A 10‑Month Ban on Selling Sugary Drinks at a Workplace Led to Reduced Fat, Cholesterol in Employees
A 10-month study, published in JAMA Internal Medicine, found an almost 50% reduction in the consumption of sugar-sweetened beverages, less belly fat, cholesterol, and insulin resistance among university employees after the institution stopped selling sugary beverages on campus. The group of researchers involved studied people working at the University of California, San Francisco, (UCSF) before and after the institution stopped selling sugary beverages like sodas, sports drinks, and sweetened teas on campus. \ like sodas, sports drinks, and sweetened teas
“There is a well-known pathway from soda to disease. High sugar intake leads to abdominal fat and insulin resistance, which are known risk factors for diabetes, heart disease, cancer, and even dementia. Recent studies have also linked sugar intake to early mortality,” Elissa Epel, Ph.D. lead author, and director of the UCSF Aging, Metabolism, and Emotions Center, said in a statement.
Food items usually sold at the workplace are pre-packaged and often high in sodium and refined grains — both harmful for health. The Swaddle has previously reported that Indian packaged foods are particularly unnutritious and fat-dense. Another report by The Swaddle has also stated that daily consumption of sodas or soft drinks can lead to a 17% increase in mortality from a variety of causes.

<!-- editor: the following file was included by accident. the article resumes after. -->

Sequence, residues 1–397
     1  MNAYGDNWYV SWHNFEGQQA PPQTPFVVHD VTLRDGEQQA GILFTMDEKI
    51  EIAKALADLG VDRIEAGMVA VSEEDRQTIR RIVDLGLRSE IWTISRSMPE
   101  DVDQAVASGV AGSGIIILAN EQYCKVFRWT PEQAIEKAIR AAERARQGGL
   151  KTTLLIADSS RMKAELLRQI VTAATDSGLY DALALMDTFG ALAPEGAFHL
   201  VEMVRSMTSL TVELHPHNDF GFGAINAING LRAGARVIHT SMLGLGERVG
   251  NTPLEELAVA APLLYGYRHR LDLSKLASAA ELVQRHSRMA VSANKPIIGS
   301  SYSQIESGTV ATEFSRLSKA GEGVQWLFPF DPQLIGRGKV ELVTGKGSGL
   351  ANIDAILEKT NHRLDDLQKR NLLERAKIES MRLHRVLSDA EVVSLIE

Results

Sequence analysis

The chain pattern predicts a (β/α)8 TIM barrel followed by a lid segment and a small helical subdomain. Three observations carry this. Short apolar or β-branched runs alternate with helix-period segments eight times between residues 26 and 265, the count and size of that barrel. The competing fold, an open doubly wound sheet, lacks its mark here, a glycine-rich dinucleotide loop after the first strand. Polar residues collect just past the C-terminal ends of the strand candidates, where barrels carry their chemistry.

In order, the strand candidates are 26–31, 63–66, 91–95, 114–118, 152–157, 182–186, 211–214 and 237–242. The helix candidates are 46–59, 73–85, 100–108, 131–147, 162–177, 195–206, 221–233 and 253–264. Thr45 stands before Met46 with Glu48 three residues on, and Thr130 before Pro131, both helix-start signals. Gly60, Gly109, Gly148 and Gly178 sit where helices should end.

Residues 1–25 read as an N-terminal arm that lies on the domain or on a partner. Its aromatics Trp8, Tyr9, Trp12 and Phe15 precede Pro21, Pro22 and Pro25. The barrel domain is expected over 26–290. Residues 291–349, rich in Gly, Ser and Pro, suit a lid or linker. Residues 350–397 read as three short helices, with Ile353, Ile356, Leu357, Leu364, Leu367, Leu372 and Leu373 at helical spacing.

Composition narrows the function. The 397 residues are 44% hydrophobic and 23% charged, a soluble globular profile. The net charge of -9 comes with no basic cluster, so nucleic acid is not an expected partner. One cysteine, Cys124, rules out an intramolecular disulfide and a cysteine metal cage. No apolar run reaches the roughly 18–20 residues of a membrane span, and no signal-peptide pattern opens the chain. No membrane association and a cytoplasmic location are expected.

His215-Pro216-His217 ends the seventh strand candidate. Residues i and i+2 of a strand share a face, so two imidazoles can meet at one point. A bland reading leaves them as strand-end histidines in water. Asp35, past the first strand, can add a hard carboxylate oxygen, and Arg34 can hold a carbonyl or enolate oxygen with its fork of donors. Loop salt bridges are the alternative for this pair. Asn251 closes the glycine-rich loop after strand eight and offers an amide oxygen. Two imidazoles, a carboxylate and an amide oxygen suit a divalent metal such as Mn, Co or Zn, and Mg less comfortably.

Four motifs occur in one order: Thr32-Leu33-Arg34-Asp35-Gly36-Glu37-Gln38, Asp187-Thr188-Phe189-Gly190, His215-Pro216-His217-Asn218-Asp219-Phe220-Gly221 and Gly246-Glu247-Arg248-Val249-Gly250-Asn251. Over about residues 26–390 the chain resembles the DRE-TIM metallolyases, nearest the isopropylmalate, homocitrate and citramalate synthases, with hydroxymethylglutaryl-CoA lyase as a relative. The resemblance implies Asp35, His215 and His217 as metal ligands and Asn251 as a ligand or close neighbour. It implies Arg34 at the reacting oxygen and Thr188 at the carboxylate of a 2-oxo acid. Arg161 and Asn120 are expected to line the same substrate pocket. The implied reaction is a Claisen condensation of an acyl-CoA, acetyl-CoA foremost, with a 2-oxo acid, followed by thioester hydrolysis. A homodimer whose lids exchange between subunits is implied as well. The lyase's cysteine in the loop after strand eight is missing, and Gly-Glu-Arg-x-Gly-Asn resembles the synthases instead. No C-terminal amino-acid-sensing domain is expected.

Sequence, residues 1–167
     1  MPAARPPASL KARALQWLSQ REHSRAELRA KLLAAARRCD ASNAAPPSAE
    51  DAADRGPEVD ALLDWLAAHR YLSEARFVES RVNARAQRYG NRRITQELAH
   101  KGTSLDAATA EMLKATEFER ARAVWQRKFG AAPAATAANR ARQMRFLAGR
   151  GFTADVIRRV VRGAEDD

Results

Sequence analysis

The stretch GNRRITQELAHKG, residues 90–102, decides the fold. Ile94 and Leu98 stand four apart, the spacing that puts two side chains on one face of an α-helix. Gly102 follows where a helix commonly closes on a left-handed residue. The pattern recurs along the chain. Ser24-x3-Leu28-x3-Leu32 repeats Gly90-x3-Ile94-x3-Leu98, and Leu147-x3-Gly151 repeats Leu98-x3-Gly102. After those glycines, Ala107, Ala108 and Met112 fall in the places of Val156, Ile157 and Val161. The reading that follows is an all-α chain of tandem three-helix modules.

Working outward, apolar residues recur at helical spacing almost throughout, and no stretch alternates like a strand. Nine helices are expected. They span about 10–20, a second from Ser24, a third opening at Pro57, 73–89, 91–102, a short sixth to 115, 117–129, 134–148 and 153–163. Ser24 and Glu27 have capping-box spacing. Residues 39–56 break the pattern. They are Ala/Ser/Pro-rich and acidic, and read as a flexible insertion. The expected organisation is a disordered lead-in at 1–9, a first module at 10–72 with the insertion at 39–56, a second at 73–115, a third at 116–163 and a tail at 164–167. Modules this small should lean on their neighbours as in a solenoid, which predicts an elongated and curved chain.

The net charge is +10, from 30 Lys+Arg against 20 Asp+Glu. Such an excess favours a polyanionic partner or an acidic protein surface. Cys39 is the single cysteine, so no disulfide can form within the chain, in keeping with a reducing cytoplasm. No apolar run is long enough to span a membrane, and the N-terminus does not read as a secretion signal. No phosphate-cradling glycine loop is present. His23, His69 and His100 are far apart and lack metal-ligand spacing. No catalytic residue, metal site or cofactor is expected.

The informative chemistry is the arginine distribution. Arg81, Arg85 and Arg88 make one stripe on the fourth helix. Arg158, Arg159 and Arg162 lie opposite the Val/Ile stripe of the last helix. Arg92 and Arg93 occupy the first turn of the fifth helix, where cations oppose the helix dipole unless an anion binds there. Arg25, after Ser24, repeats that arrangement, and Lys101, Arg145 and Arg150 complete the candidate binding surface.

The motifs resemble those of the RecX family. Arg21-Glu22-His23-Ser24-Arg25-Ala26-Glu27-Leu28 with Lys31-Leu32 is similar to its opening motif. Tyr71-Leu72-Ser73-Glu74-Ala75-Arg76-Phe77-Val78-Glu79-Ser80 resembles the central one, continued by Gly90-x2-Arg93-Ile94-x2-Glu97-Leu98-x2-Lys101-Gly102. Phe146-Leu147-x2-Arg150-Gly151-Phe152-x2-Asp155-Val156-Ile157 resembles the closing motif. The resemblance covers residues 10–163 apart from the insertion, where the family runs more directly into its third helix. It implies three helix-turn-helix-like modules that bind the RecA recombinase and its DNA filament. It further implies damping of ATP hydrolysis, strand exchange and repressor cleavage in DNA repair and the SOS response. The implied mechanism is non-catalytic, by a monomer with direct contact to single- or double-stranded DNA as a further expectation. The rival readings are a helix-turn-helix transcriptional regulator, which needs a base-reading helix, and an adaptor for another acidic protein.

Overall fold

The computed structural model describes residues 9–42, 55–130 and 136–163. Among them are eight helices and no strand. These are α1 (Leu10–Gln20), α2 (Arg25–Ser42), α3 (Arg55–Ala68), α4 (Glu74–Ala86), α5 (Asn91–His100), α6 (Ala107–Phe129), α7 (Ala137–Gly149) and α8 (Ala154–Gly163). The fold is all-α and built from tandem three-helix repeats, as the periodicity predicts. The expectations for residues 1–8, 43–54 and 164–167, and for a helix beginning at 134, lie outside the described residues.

Employees might eat unhealthily at work for a variety of reasons, including a lack of available healthy options, peer pressure, and the need for an energy boost. However, what’s problematic is that these unhealthy eating habits replicated themselves when people left work, too, according to other research.
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The researchers studied more than 200 UCSF employees who worked in an environment with no readily available sweetened beverages, but could drink them at home and could bring these beverages to work from home. The study subjects described themselves as frequent consumers of sugary beverages, drinking more than 12 ounces (around 350 milliliters) per day. On average, participants of the study drank an average of 35 ounces (around 1 liter) per day of such drinks.
By the end of 10 months, the average daily consumption of sugar-sweetened beverages dropped to 18 ounces (around 530 milliliters). Participants lost weight and an average of almost 1 inch (2.1 centimeters) from their individual waistlines.
“This is a group of people who were at high risk for early onset of metabolic diseases and probably cancers as well,” said Epel. “They were drinking at least one sugared beverage a day. The participants who were overweight or obese already had very high levels of insulin resistance, in the prediabetic range, and the lean participants were also insulin resistant. Regardless of whether they were overweight or lean, most of the participants in the study tended to lose belly fat when they were offered a healthier beverage selection at work.”
While scientists do believe that proximity to sugary beverages increases one’s chances of consuming them excessively, the onus still remains on the employee who controls their own diet. Though scientists recommend that workplaces can stock flavored waters, sparkling water, and unsweetened coffees and teas instead of sugary drinks, this will probably happen only at a few select workplaces that care enough to carry out such a change. Individual consumption practices that involve substituting soda with water and unsweetened beverages, and overall moderation might also help bring about the same health results as those of the study’s participants.
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